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Before guided missiles, humans had few ways to attack their enemies remotely. So they tried using animals – something that is still done today. The Chinese were enthusiastic practitioners of this art. The firebird was a simple, if imprecise example. To make your own firebird, follow the advice of this Chinese military manual from the 1000s: “Take a peach pit and cut it in half. Hollow out the middle and fill it with mugwort tinder. Then cut two holes and put it back together. Before this, capture from within the enemy’s territory some wild pheasants. Tie the peach pits to their necks, and then prick their tails with a needle and set them free. They will flee back into the grass, at which point the peach pits will let loose their fire.”[1]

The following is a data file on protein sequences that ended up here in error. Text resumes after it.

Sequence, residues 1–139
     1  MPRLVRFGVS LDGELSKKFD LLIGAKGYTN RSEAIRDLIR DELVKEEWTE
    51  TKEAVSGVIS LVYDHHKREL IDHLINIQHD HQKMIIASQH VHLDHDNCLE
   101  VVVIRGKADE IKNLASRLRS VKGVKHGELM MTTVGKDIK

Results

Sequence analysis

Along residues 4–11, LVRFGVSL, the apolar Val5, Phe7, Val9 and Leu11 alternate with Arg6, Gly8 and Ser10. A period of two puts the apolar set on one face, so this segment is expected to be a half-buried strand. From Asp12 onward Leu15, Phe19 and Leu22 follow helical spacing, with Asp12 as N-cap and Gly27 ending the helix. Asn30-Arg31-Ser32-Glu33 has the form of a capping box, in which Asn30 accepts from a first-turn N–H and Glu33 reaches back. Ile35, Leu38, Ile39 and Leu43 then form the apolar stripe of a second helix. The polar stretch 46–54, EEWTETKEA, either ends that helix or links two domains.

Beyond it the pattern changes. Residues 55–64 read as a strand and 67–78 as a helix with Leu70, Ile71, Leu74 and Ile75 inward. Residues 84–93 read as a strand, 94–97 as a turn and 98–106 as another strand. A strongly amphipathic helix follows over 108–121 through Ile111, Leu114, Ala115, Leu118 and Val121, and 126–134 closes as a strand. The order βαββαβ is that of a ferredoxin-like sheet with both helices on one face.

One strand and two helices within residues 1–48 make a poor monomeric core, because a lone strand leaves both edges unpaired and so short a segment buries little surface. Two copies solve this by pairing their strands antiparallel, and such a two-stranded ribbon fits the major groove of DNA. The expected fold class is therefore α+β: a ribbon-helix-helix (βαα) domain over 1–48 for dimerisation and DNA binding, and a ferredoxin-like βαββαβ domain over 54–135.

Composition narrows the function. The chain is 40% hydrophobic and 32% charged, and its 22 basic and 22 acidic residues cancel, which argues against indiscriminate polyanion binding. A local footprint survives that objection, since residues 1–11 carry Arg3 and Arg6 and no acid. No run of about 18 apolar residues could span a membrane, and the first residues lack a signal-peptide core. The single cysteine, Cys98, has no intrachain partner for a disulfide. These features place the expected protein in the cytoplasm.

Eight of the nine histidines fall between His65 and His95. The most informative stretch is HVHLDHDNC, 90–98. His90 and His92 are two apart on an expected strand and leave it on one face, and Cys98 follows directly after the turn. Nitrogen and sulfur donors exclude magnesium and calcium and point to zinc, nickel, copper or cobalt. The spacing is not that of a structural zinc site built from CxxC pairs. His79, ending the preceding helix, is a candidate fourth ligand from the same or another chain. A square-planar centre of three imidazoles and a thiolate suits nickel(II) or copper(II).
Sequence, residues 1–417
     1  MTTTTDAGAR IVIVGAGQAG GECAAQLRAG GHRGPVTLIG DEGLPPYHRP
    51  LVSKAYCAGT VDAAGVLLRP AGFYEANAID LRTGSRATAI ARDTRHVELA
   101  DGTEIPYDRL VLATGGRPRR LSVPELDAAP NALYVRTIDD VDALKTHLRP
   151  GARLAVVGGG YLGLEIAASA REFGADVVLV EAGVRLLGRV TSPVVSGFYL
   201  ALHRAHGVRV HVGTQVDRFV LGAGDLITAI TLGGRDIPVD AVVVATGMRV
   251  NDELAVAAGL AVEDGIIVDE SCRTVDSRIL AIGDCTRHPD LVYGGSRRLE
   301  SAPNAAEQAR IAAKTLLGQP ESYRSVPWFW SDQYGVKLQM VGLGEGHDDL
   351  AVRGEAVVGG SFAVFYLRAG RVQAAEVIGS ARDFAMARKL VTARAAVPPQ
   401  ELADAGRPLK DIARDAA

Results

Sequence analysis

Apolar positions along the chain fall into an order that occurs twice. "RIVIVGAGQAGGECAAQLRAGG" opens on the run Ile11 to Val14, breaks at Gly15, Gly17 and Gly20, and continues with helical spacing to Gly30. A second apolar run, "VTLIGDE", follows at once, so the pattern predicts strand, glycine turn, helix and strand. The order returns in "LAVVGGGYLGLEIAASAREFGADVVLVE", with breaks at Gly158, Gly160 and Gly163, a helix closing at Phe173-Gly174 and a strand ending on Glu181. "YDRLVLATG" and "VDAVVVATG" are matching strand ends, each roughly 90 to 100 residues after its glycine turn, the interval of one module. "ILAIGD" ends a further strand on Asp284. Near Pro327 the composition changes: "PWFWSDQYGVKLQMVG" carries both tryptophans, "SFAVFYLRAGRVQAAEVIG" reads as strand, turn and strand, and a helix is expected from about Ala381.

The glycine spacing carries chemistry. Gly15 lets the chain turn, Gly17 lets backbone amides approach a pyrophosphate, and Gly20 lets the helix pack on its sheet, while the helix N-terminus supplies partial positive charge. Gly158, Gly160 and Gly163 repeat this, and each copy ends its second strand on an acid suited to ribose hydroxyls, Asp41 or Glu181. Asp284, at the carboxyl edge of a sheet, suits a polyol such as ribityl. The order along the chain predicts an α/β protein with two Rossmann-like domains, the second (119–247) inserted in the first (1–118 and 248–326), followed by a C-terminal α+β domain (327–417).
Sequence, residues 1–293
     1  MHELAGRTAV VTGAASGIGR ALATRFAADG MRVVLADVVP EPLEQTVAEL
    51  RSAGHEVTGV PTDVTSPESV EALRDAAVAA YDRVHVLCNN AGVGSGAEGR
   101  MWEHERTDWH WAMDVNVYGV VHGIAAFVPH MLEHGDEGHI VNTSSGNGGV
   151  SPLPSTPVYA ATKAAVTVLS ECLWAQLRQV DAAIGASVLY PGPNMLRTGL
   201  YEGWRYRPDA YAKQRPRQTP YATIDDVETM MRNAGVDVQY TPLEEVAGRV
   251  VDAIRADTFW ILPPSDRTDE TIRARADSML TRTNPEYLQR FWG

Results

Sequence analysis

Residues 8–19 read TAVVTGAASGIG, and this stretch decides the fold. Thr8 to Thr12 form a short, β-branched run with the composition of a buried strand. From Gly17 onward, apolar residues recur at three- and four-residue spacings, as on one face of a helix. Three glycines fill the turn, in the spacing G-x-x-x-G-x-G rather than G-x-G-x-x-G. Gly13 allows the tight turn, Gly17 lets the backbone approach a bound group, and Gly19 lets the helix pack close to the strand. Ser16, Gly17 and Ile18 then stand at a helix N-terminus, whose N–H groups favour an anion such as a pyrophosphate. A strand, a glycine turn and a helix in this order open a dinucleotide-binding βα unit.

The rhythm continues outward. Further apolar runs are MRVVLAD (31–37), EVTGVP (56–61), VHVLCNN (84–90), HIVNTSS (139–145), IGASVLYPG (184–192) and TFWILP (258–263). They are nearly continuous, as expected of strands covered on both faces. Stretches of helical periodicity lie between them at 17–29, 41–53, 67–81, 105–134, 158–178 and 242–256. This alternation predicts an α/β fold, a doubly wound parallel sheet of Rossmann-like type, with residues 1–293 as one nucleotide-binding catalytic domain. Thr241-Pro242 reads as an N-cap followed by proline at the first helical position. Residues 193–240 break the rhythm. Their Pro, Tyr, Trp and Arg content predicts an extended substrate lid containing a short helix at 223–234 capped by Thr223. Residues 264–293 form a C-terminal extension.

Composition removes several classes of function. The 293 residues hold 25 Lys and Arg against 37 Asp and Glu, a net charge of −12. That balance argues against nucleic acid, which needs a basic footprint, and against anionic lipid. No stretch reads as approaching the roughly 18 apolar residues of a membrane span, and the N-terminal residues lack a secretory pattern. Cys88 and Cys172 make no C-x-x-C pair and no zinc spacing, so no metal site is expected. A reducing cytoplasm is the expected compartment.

[1]      Zeng Gongliang 曾公亮, Wu jing zong yao 武经总要, in Zhong guo bing shu ji cheng 中国兵书集成 (Beijing: People's Liberation Army Press, 1988), juan 11, huo gong (p. 511). Here’s the Chinese: 火禽,以胡桃割剖分,空中,實艾火,開兩孔,復合。先捕敵境中野雞,系項下,針其尾而縱之,奔入草中,桃敗火發。

Not good enough? Choose another:


Fire Sparrows

Old-Fashioned Fire Ox

Exploding Fire Ox


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